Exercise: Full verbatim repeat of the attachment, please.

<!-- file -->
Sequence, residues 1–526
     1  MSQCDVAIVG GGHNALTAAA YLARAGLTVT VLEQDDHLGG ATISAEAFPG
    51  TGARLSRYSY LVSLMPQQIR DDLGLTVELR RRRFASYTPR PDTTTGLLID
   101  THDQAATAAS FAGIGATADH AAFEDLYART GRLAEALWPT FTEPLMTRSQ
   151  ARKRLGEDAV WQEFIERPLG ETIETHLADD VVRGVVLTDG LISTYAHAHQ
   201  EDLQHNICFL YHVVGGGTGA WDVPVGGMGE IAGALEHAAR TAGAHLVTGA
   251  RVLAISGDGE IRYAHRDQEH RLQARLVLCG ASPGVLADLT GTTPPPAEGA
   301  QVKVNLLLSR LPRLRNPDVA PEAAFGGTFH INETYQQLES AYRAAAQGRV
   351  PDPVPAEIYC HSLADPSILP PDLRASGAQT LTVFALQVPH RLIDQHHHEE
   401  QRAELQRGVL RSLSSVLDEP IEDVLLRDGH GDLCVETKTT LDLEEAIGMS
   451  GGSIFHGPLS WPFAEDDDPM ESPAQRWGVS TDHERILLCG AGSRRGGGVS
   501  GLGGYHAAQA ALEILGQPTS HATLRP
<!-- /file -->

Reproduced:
Sequence, residues 1–526
     1  MSQCDVAIVG GGHNALTAAA YLARAGLTVT VLEQDDHLGG ATISAEAFPG
    51  TGARLSRYSY LVSLMPQQIR DDLGLTVELR RRRFASYTPR PDTTTGLLID
   101  THDQAATAAS FAGIGATADH AAFEDLYART GRLAEALWPT FTEPLMTRSQ
   151  ARKRLGEDAV WQEFIERPLG ETIETHLADD VVRGVVLTDG LISTYAHAHQ
   201  EDLQHNICFL YHVVGGGTGA WDVPVGGMGE IAGALEHAAR TAGAHLVTGA
   251  RVLAISGDGE IRYAHRDQEH RLQARLVLCG ASPGVLADLT GTTPPPAEGA
   301  QVKVNLLLSR LPRLRNPDVA PEAAFGGTFH INETYQQLES AYRAAAQGRV
   351  PDPVPAEIYC HSLADPSILP PDLRASGAQT LTVFALQVPH RLIDQHHHEE
   401  QRAELQRGVL RSLSSVLDEP IEDVLLRDGH GDLCVETKTT LDLEEAIGMS
   451  GGSIFHGPLS WPFAEDDDPM ESPAQRWGVS TDHERILLCG AGSRRGGGVS
   501  GLGGYHAAQA ALEILGQPTS HATLRP